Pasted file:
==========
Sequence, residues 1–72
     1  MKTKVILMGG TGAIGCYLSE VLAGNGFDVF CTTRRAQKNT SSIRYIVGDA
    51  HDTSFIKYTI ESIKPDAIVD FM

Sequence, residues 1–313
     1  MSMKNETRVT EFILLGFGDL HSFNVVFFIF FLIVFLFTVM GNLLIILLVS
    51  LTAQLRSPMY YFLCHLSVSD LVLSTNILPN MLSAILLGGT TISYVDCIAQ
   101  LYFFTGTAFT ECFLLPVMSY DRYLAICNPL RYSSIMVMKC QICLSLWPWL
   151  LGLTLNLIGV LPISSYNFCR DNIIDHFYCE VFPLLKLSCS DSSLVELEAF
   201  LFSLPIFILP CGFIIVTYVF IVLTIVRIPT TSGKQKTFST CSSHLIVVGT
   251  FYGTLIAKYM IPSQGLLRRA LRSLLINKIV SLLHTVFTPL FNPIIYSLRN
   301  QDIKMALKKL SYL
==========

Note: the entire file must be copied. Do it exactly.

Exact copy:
Sequence, residues 1–72
     1  MKTKVILMGG TGAIGCYLSE VLAGNGFDVF CTTRRAQKNT SSIRYIVGDA
    51  HDTSFIKYTI ESIKPDAIVD FM

Sequence, residues 1–313
     1  MSMKNETRVT EFILLGFGDL HSFNVVFFIF FLIVFLFTVM GNLLIILLVS
    51  LTAQLRSPMY YFLCHLSVSD LVLSTNILPN MLSAILLGGT TISYVDCIAQ
   101  LYFFTGTAFT ECFLLPVMSY DRYLAICNPL RYSSIMVMKC QICLSLWPWL
   151  LGLTLNLIGV LPISSYNFCR DNIIDHFYCE VFPLLKLSCS DSSLVELEAF
   201  LFSLPIFILP CGFIIVTYVF IVLTIVRIPT TSGKQKTFST CSSHLIVVGT
   251  FYGTLIAKYM IPSQGLLRRA LRSLLINKIV SLLHTVFTPL FNPIIYSLRN
   301  QDIKMALKKL SYL